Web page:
Madame, rumors are that the dance studio is owned by a reclusive retired movie star who values her privacy. Please give us a hint of who it is.

Retired movie star? No. Retired professional dancer? Yes. You want a hint of who owns the studio? It’s me. And I’m not reclusive. I just like being quiet when I go home after work.

While you’ve always denied being related to Shirley Maclaine, are you sticking to that story?

Of course I’m sticking to that story. It’s the truth. I’ve danced with Shirley, but I’ve danced with a lot of other people, too, like June Allyson and Dick Van Dyke.

You rarely dance with your classes. Do you practice alone or take classes elsewhere?

My dream is to go back to Hollywood and take classes when I retire from my studio, but it’s too long a commute from Peach Valley. I do dance with my classes, especially the more advanced ones. We perform at luaus in the summer and on various other occasions, so if you know anyone who’d like to hire us, let me know.

We understand you’ve been married several times, would you tell us the number or if it is indeed over twelve?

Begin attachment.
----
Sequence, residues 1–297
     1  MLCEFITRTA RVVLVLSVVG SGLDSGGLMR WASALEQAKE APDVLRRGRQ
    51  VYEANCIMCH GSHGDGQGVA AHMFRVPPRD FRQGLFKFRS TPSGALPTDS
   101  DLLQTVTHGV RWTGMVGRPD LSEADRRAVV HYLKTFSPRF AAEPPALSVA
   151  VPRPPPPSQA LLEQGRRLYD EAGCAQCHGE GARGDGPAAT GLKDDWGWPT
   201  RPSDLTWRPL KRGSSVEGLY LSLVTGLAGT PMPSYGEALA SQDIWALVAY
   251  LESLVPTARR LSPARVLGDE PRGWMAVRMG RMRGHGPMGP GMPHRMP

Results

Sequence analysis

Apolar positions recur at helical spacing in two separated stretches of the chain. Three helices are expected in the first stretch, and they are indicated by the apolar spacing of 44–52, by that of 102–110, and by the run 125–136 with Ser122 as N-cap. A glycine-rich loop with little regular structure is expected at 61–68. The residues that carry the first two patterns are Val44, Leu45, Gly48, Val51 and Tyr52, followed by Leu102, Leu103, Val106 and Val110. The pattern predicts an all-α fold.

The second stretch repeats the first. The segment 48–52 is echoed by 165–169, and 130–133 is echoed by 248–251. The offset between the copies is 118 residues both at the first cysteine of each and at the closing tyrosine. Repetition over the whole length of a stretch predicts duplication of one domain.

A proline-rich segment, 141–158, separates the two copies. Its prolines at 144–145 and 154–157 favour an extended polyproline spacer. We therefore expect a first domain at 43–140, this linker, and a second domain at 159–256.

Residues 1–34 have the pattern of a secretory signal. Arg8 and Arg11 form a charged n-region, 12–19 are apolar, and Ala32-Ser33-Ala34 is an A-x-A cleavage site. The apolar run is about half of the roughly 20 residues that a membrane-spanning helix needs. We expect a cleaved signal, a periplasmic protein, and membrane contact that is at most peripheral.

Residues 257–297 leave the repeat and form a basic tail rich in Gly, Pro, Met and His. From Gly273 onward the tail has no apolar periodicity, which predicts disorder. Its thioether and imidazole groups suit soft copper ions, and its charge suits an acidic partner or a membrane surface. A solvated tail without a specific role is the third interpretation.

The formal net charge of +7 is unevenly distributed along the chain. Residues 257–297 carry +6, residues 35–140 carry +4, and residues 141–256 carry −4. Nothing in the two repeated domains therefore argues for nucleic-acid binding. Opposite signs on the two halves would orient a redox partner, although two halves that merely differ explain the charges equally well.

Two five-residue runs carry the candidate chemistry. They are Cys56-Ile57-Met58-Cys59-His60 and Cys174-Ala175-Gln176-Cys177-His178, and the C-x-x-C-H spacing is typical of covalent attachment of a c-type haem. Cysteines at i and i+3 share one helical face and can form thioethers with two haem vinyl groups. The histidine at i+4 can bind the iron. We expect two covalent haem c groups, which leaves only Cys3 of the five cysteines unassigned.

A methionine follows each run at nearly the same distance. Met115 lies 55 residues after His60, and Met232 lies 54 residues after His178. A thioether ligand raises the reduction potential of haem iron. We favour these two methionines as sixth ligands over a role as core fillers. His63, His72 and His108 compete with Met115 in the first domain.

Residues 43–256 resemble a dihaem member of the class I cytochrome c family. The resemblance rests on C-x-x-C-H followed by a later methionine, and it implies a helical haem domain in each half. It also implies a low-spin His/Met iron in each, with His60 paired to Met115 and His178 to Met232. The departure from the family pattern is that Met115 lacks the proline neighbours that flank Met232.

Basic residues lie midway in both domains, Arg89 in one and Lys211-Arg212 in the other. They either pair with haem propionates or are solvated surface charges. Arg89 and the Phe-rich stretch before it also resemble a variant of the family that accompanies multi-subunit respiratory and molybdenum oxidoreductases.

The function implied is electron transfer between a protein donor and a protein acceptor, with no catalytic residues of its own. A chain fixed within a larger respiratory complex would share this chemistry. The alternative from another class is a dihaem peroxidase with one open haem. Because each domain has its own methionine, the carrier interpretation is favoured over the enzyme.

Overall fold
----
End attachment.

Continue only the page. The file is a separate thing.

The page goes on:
What? You must have me mixed up with another Madame ZeeZee. I’ve only been married twice.

Would you ever relocate for love?

No. I’m happily married. And even if I weren’t, I wouldn’t relocate for love. I’m too independent, I guess. Besides, my house is exactly the way I like it, and I intend to stay there until the end.

How many countries have you lived in as an adult?

As an adult? One. Maybe two depending on how you define “lived in.”

In the book, Pat seemed to blame herself for the deaths of your dancers. Do you blame her, too?

Pat thinks too much. She needs to learn to just let things go. If I blamed her, I’d have to blame myself and all the rest of us who talked about killing Grace, but it wasn’t any of our fault. Well, except for the murderer. She was totally at fault.

If you could choose one author, living or dead, to read about your story, who would it be?

Pat Bertram, of course, but she wouldn’t need to read about my story because she wrote it.

Is there anything you’d like to add?

Yes. Never stop dancing.

Thank you, Madame Zee Zee.

And thank you all for visiting with Madame ZeeZee and Una Tiers. Be sure to check out Interview with Fiona Gavelle, a Character in “Judge vs Nuts” by Una Tiers.

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Pat Bertram is the author of the suspense novels UnfinishedMadame ZeeZee’s Nightmare, Light BringerMore Deaths Than OneA Spark of Heavenly Fireand Daughter Am IBertram is also the author of Grief: The Great Yearning, “an exquisite book, wrenching to read, and at the same time full of profound truths.” Connect with Pat on Google+. Like Pat on Facebook.